"I'm not Jamal and I don't think of myself as a Jamal, but I thought if they start doing this, and they start picking people off even if they live in the U.S. — because Jamal used to live in Virginia — then somewhere down the list, and I might not be the second person on the list, I might not be the 10th person on the list, but somewhere down the list, there is my name."

The CIA faced scrutiny in the wake of Khashoggi's murder as it became clear it had gathered intelligence before the killing which appeared to suggest such a plot was in the works by Saudi officials.

The agency has a legal "duty to warn" any person or person deemed to be at risk of killing or kidnap based on intelligence it gathers.

The agency has since determined that Crown Prince Mohammed bin Salman directed the murder of Khashoggi. The Trump administration, however, has refused to accept that determination and has not assigned any blame to the Saudi heir personally. President Trump said "it could very well be that the Crown Prince had knowledge of this tragic event — maybe he did and maybe he didn't!"

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Rep. Adam Schiff, who heads up the U.S. House on Representatives Intelligence Committee, told CBS News that if Saudi Arabia is still threatening a dissident living in the U.S., it would show that the Khashoggi scandal, and the international reaction to it, have failed to change the kingdom's behavior.

"If reports are accurate that the U.S. government has had to warn critics of Saudi Arabia that they may be in danger, it would be a vivid demonstration that Saudi Arabia's behavior has not changed since the brutal murder of Jamal Khashoggi," Schiff said in a statement.

He said the House Intelligence Committee, "will investigate whether Saudi Arabia continues to pose a threat to dissidents and critics beyond its borders, and consider what actions the U.S. should take in response."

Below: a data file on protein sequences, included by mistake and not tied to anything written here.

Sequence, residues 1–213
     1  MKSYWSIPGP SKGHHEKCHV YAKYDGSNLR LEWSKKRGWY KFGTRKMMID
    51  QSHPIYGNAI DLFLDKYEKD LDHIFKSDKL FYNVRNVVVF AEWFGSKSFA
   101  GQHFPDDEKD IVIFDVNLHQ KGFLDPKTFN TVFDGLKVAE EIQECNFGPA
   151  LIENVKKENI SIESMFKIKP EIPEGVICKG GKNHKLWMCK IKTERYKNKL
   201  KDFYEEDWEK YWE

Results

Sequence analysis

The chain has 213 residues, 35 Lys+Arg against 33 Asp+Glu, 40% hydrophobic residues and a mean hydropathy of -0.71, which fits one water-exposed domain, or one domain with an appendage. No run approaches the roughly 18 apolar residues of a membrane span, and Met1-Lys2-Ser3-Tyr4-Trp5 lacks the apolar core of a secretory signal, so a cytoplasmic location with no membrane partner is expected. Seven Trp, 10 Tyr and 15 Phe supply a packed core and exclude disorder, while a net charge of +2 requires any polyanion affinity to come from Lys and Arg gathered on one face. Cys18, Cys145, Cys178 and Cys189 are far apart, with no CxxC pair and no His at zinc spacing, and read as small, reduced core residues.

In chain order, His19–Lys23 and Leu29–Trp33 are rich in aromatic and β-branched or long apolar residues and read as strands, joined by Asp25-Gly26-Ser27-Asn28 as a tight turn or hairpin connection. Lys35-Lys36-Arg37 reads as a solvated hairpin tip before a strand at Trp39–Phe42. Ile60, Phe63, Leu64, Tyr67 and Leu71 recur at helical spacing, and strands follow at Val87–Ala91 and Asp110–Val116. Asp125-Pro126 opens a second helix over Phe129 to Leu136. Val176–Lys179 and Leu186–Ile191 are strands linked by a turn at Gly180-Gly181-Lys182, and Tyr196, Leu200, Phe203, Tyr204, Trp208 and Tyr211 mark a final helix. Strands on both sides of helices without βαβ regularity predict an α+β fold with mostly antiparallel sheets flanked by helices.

"It has served them well"

El-Baghdadi told CBS News he believes Saudi Arabia threatens dissidents abroad to scare them into keeping silent, and he said it was working.

"Unfortunately, whether they got to me or not, that worked," el-Baghdadi said. "People now are scared. Everybody's messaging me like 'ya know, you live in Norway and this almost happened to you? What about me? I live in Jordan' or 'I live in Kuwait or Lebanon' etc. So, in a way, I don't like to say this, but it has served them well. They benefited from it."

The decision to crack down on dissents abroad is part of broad plan by the crown prince to modernize Saudi Arabia on his own terms, according to Adam Coogle, Middle East researcher for Human Rights Watch.

Saudi Arabia reshuffles government after Khashoggi's murder 07:28

Bin Salman "has this very particular view of his role as the sort-of 'savior of Saudi Arabia.' He's going to fix the economy, and my view is that he thinks the only way to do that is to make some radical changes that could be fairly unpopular, therefore he needs to eliminate dissent," Coogle said. "He needs to prevent anyone from thinking they can criticize him openly."

El-Baghdadi told CBS News that he, and many of his associates who are also critical of the Saudi regime, have lived in fear since the Khashoggi murder.

"I don't know if I'm going to make 50. I don't know if I'm going to make 60. I have a target on my back," he said. "But ultimately, this is the kind of life I chose."